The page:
FIG. 1a shows a cross section of an embodiment of the present thin film resonant microbeam sensor device 10 according to the present invention. It comprises a substrate 11 of <100> silicon, in which there has been formed a depression by surface micromachining, sacrificial oxide, etching and reactive sealing. Covering the depression ere is a diaphragm 13 of amorphous silicon. In this embodiment the diaphragm structure is slightly elevated from the upper surface 16, and thus a vacuum cavity 12, 12 b is formed between diaphragm 13 and subsume 11. It would of course be conceivable, to make a structure where the membrane is located essentially in the same plane as the surrounding substrate. Within the cavity 12 a resonant beam member 14 is provided suspended at one end of its ends by a suspension member 15 connecting the beam with the diaphragm 13, and at its other end attached to the substrate 11. Thus, the entire surface of the beam 14 is spaced from both the diaphragm 13 and the substrate, respectively by a certain selectable distance, by providing suspensions 15 of appropriate length, which is a very important aspect of the invention, since it enables the sensitivity of the sensor to be controlled and increased. I.e., both the distance above the beam 14 and below is selectable the distance below by controlling the depth of the cavity. This will be discussed further below. Thus, the beam 14 is free to vibrate inside the cavity 12. It should be noted that the area indicated with reference numeral 12 b is part of the cavity 12 and is in complete communication therewith. Pressure applied to the top side of the diaphragm 13 deforms the diaphragm and causes the beam 14 to stretch, thereby changing its resonance behavior, e.g. the resonance frequency of the beam will change.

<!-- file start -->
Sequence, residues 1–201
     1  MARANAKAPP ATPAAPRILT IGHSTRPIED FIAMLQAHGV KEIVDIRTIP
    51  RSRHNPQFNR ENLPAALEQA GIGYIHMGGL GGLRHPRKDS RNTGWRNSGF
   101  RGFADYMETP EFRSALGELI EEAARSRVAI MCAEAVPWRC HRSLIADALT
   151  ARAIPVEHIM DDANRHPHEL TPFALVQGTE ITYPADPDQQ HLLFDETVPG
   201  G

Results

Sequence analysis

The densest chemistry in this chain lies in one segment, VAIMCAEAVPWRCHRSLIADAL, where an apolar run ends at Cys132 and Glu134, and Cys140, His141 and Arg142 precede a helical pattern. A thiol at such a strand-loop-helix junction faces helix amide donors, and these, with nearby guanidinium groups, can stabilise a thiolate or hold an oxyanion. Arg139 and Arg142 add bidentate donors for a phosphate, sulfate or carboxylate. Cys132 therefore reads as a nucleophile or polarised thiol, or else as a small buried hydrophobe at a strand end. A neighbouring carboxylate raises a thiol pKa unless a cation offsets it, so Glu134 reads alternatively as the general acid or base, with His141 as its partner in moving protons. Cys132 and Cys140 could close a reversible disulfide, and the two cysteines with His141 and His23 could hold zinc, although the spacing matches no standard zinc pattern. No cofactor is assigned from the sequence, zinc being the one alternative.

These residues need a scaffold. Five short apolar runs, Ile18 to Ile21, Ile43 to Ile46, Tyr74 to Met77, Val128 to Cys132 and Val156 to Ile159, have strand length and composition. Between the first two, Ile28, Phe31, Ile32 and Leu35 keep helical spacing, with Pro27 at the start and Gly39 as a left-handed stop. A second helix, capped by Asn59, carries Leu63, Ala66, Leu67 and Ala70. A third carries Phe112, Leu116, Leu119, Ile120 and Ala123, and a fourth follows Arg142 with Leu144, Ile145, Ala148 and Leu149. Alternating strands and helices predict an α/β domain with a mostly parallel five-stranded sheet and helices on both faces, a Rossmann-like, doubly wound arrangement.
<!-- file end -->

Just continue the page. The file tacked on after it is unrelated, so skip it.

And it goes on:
The beam can have a number of different shapes. It could be rectangular, triangular hexagonal, octagonal, circular, etc., just mention a few possibilities, and it may also comprise slots of various shapes. It should also be noted that the edges of the beam member 14 is spaced from the walls in the cavity 12, and thus the edges of the beam are free to move except at the suspension points.